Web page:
Another way that I’m preparing for new kids is by saying goodbye to Kai Ryssdal the goat. I thought I would be more sad about this day, but friendly Kai Ryssdal has turned into super obnoxious Kai Ryssdal, and I’m pretty ready to have him gone. I can now safely say that not disbudding him last spring was a huge mistake. When I’m in our small barn with him, I’m constantly worried that he’s going to poke my eye out or just stab me in the leg with his horns (accidentally or intentionally). He wastes a ton of feed by getting hay tangled in his horns while he’s eating at the feed bunk and then unintentionally pulling it out on the ground. He also has a penchant for destroying the barn by bashing it with his head and trying to break in or out of the stalls. This morning, he hurdled the fence for the first time while I was working with Minnie in the stanchion. I proceded to curse at him a multiple times and then haul him back into the barn before he had a chance to get into the grain.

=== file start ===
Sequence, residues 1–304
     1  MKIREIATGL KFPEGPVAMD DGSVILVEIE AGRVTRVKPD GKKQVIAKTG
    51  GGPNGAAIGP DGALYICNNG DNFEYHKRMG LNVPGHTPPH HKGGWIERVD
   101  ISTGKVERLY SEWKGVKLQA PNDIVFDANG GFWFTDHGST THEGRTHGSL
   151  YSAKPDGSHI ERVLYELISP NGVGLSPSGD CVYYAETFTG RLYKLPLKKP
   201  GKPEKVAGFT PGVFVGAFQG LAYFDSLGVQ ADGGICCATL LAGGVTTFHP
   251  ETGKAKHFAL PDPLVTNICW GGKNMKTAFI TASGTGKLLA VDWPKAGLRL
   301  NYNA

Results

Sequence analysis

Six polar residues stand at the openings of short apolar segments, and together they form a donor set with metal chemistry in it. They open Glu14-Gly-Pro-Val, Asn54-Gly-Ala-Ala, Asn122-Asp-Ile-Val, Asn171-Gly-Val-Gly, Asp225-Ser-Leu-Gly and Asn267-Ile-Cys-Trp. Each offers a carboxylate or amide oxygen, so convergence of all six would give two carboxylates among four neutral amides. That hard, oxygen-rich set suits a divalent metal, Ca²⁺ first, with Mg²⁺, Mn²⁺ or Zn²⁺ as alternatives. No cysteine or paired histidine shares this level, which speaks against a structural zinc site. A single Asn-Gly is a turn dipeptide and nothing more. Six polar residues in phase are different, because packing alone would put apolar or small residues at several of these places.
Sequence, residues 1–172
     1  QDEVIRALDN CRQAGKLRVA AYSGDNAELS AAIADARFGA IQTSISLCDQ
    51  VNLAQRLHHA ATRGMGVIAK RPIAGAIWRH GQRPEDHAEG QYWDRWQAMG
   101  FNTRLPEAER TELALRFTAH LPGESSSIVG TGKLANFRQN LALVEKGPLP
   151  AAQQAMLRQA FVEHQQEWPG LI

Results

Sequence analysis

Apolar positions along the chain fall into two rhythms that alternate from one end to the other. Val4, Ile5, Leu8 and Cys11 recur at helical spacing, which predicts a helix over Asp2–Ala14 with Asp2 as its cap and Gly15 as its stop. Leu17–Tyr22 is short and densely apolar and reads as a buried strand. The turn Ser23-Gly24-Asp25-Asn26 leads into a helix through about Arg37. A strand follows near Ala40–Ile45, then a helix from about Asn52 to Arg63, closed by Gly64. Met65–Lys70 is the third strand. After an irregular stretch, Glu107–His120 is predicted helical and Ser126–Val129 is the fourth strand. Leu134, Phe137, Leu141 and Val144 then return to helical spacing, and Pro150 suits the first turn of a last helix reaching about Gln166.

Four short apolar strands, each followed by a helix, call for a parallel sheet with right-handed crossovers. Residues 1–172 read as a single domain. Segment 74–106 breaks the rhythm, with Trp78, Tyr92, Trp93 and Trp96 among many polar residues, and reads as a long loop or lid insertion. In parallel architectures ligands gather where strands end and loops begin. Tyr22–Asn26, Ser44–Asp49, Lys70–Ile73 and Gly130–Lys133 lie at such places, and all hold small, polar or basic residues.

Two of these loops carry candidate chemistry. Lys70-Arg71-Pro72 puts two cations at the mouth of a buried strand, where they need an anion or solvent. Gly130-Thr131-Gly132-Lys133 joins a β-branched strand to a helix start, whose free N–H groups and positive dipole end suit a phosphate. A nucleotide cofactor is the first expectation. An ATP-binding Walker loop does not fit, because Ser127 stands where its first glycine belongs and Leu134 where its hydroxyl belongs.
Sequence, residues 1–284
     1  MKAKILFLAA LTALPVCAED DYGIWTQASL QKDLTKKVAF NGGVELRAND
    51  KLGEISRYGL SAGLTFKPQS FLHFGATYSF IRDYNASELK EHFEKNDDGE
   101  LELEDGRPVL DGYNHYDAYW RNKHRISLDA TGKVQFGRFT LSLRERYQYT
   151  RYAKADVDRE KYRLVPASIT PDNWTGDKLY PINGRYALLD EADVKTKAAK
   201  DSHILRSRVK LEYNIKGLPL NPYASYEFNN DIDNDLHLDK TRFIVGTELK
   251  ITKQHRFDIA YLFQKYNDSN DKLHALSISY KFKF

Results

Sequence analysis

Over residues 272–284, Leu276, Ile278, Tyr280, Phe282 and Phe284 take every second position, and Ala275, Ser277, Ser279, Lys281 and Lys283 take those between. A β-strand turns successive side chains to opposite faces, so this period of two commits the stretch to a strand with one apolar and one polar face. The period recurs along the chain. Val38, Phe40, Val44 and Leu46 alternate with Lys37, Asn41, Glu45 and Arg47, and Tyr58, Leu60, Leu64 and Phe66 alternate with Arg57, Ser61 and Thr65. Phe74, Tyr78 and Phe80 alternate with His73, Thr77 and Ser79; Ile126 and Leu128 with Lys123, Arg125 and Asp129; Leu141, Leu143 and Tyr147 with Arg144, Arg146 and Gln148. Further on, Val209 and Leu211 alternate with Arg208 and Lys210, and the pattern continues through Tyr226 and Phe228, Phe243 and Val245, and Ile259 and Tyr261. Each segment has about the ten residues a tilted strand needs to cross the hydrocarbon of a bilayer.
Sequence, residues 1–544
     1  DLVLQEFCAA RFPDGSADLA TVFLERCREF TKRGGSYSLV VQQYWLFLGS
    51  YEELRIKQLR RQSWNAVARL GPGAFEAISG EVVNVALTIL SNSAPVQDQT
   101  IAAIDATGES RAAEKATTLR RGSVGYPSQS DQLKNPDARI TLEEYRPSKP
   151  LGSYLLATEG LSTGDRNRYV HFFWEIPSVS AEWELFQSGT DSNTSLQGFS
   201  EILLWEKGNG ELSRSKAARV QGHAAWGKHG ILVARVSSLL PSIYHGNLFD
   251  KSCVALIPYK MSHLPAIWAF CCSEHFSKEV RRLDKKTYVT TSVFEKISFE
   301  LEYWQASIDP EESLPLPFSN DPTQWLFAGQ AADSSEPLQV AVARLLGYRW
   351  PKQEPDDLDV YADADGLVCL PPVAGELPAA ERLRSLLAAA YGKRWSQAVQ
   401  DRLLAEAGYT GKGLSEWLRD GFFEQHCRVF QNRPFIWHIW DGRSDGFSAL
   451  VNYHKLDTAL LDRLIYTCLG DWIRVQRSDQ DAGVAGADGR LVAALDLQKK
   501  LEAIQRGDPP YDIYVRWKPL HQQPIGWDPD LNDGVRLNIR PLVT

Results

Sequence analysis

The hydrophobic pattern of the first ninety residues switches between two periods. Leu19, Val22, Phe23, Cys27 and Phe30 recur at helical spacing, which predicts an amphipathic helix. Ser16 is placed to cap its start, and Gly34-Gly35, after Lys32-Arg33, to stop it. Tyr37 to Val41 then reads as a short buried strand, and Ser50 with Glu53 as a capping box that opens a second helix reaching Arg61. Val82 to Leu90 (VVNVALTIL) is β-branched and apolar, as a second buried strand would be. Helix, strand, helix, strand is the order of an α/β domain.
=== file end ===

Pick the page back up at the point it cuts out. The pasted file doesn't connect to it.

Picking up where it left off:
When I finally decided that he had to go, I debated whether I should sell him to a livestock buyer or butcher him for our own consumption. Though I have eaten goat meat before, I haven’t actually eaten one that I personally raised. In the end, it became clear that we’d probably appreciate the meat in the freezer more than the $60 or so that he’d bring in from a sale (where someone else would end up eating him).

Henry is planning on dispatching him today and hanging the carcass until Monday when we’ll pass it off to Brad Burnheimer of Burnheimer Meat Co.¬†Henry has a fair bit of experience with butchering, and I’ve helped out a little, but neither of us has time or motivation to devote a lot of energy to the art of butchery and sausage making. Brad, on the other hand, is a local professional butcher (and really nice guy) with a fledgling charcuterie business set up with the tools to do a really good job. His custom butchery skills will allow us to utilize all the meat and honor Kai’s life and death as well as possible.